Is your microwave repeatedly tripping the circuit breaker in your home? This can be incredibly frustrating, particularly after a long day when you just want to reheat some leftovers for an easy dinner! There are a few different things that may cause your microwave to trip the circuit breaker, and some of them are relatively easy to fix. Read on to find out what to do!
An overloaded circuit can happen when a circuit has more electricity flowing through it than it can safely handle. This leads to the circuit breaker tripping to avoid blowing a fuse. The most common cause of this is having too many appliances running on the same circuit, but it can also be caused by a single device that uses too much power for the circuit to handle.
To check if this is the issue with your microwave, have a look at how many appliances are plugged into the power outlet. Ideally, your microwave should be the only appliance plugged into the outlet, as microwaves tend to be high-use appliances. In some cases, multiple outlets may be on the same circuit.
- Identify which outlets correspond to the circuit that the microwave is on. You can test this when the microwave trips the circuit breaker by checking whether any other outlets are not working.
- Identify if any of the appliances on the circuit are high-consuming appliances. These tend to be appliances that use heat.
- Move any high-consuming appliances to different power circuits.
- If this isn’t possible, make sure that when you’re using the microwave, all the other appliances are turned off.
- If you’re having a continuous issue, consider getting a qualified electrician to upgrade your circuit or put in a dedicated circuit just for the microwave.
If the wiring in your house is faulty, it can lead to circuit breakers tripping even when they’re using a normal amount of electricity. Faulty wiring can mean damaged or deteriorated wiring, loose connections, or corroded screws. If your microwave is constantly tripping the circuit breaker—even when it seems to be functioning normally otherwise—and if you’ve determined the outlet isn’t overloaded, the wiring could be at fault.
- Take a close look at the outlet. If there is a fault, the outlet may look scorched or discolored, and there may be a burning smell.
- Check if the circuit breaker immediately trips again after being reset. This could mean a short on the circuit.
- Try a different appliance. If it trips again, it’s likely an issue with the circuit, not the microwave itself.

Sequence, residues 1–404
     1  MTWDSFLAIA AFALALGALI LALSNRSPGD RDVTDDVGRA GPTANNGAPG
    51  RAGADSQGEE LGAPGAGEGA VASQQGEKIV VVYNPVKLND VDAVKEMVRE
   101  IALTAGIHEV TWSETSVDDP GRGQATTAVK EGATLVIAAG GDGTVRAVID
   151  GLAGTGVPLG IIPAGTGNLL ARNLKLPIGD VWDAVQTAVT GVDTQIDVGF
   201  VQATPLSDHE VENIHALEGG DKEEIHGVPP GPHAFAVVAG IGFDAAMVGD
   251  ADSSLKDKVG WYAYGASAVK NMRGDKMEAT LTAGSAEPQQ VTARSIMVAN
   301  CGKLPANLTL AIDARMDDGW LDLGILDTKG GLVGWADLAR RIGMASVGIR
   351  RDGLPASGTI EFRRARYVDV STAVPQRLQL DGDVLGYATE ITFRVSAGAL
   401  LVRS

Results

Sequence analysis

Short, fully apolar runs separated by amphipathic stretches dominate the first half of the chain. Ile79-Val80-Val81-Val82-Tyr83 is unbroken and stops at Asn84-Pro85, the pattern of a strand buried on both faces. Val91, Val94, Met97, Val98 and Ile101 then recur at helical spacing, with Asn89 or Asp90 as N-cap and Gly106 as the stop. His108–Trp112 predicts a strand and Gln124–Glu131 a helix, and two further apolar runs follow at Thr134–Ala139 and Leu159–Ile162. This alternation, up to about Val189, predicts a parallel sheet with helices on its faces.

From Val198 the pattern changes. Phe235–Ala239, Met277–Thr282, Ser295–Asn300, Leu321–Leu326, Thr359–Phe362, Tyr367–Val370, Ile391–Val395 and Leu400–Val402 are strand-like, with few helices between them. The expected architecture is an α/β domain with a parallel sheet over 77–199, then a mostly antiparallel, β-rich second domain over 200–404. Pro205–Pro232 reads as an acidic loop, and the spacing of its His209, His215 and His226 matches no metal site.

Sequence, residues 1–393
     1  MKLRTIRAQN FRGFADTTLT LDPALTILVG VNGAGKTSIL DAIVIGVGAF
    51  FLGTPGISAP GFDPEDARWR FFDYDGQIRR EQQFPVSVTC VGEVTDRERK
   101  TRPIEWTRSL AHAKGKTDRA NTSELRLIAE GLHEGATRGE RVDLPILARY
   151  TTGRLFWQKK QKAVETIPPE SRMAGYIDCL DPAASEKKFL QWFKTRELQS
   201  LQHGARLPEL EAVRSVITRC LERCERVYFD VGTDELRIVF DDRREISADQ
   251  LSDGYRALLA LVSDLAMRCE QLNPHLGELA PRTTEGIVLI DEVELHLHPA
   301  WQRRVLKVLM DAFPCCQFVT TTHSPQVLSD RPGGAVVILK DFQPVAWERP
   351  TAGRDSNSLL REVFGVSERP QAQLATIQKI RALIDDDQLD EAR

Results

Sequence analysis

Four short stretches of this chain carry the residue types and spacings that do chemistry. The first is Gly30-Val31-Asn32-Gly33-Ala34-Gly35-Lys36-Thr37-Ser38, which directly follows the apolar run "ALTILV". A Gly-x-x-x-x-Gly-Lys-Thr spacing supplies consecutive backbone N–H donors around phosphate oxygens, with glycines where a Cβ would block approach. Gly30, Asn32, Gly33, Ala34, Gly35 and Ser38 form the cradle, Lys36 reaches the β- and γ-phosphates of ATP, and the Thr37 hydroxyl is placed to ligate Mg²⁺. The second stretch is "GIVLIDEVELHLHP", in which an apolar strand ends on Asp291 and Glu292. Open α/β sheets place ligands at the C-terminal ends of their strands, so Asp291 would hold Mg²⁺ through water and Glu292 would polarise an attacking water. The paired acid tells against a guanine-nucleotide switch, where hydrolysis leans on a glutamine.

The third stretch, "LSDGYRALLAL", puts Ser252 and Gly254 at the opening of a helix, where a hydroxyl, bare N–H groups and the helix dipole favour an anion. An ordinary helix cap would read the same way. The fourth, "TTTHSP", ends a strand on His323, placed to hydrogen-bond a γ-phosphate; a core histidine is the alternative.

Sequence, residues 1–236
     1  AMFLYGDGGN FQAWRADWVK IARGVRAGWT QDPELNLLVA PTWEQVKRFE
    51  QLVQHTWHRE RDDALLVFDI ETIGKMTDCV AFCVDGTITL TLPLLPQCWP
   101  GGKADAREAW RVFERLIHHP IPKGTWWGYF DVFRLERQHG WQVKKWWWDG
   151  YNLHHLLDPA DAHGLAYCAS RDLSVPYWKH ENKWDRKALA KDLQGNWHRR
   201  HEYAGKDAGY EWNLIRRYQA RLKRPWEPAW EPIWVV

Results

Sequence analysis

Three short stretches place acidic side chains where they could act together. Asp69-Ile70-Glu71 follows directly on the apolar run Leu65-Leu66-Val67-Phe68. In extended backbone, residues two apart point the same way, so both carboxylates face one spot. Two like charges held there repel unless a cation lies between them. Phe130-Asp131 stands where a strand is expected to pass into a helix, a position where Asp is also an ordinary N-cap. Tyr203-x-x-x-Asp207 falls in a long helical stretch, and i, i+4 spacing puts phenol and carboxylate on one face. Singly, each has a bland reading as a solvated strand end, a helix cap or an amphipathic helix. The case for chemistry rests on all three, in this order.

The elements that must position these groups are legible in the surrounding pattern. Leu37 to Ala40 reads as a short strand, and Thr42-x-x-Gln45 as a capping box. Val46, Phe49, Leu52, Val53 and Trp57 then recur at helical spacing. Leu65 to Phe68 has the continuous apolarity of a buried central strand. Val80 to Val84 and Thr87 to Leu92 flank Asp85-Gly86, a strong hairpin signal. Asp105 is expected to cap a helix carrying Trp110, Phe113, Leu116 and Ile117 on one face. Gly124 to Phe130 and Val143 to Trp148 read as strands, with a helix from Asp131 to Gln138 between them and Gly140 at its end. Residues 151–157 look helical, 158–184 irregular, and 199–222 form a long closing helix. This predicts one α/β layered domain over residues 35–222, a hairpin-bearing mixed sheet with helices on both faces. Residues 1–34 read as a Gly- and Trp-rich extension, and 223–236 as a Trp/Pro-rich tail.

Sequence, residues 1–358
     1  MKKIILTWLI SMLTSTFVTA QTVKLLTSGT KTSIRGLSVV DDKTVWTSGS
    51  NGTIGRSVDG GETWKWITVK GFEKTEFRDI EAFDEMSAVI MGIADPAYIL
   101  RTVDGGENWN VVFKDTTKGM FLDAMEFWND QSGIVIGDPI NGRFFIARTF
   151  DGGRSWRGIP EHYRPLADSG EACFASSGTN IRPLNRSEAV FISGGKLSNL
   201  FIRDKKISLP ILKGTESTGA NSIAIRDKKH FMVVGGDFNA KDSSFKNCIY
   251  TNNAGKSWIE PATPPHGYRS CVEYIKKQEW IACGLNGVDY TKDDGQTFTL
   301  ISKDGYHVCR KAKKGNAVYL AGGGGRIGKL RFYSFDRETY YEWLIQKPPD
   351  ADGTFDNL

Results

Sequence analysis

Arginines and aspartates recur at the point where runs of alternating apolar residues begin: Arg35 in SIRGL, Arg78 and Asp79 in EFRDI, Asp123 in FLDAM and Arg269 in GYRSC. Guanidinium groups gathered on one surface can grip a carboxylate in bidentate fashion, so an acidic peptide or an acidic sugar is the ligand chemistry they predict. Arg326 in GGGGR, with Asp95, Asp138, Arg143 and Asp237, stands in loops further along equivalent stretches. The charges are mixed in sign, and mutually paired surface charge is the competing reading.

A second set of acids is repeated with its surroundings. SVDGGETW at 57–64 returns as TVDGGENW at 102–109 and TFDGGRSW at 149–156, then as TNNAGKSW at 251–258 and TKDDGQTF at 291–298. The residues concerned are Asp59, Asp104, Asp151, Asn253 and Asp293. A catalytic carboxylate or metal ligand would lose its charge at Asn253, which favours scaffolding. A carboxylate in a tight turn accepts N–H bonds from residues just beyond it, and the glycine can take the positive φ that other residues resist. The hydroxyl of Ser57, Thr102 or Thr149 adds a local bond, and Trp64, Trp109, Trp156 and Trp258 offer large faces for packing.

- In a lot of jurisdictions, you need to have a permit or be a qualified electrician to complete electrical work, so it’s recommended that you talk to a professional about getting your circuit fixed.
If the microwave itself is malfunctioning, this can cause it to draw too much power and trip the circuit breaker. This means that something within the microwave is faulty, causing an overload or short on the circuit.
This issue is more prevalent with older microwaves, as they tend to draw more power when internal components start to wear out. So if your microwave is getting on in years, it could be the cause of the tripping.
To diagnose this:
- Firstly, test your microwave in a different outlet, ensuring it is not on the same circuit as the initial outlet. If it trips that circuit, it’s likely that the microwave is the culprit.
- Next, test a different appliance in the microwave’s initial circuit, to ensure that the circuit is functioning correctly. If it works as expected, you’ve determined that only the microwave is at fault, not the outlet.
Once you’ve determined the microwave is at fault, you have two options—you can call in a professional technician, or you can get a new microwave. As this fault is more likely to happen in an older microwave anyway, in nearly all cases it will be more cost-effective to purchase a new one, especially as microwaves are relatively cheap compared to other appliances.
Note that the average lifespan for a microwave is 7-8 years, so if yours is older than this it might be time to bite the bullet and buy a new one!
A ground fault happens when the current flowing within an appliance (in this case, a microwave) goes off course and makes contact with the grounded part of the appliance. This can be very dangerous and lead to the risk of an electric shock if you touch the device. Your home’s electrical system will contain a Ground Fault Circuit Interrupter (GFCI) and trip the circuit as soon as it detects this.
If your microwave has a ground fault, you might find that it behaves erratically, sometimes working and sometimes not. You may find that it sometimes won’t turn on at all.
To fix this issue:
- Plug the microwave into another outlet to see if the same thing happens. If it does, a ground fault could be the culprit.
- One source of grounding can be a damaged power cord. Check your power cord for any wear and tear or exposed wires. If you notice any, immediately unplug the microwave from the power.
- If the power cord is damaged, purchase a replacement cord and install it before trying the microwave again. If the cord was the issue, your microwave will now work properly without tripping the circuit breaker.
- If you’ve had recent spills or leaks around your microwave, the moisture could be causing the ground fault. Unplug the microwave, place it somewhere warm and dry, and leave it there for a few days until you’re certain it is totally dry, then see if the fault is fixed.
- If the fault is still happening, your microwave likely has damaged internal components. As stated above, you have the choice of either calling in a technician to help you diagnose the issue, or replacing the microwave. Use the age of your microwave to help you decide—remember, if it’s seven years old or more, it’s best to just replace it.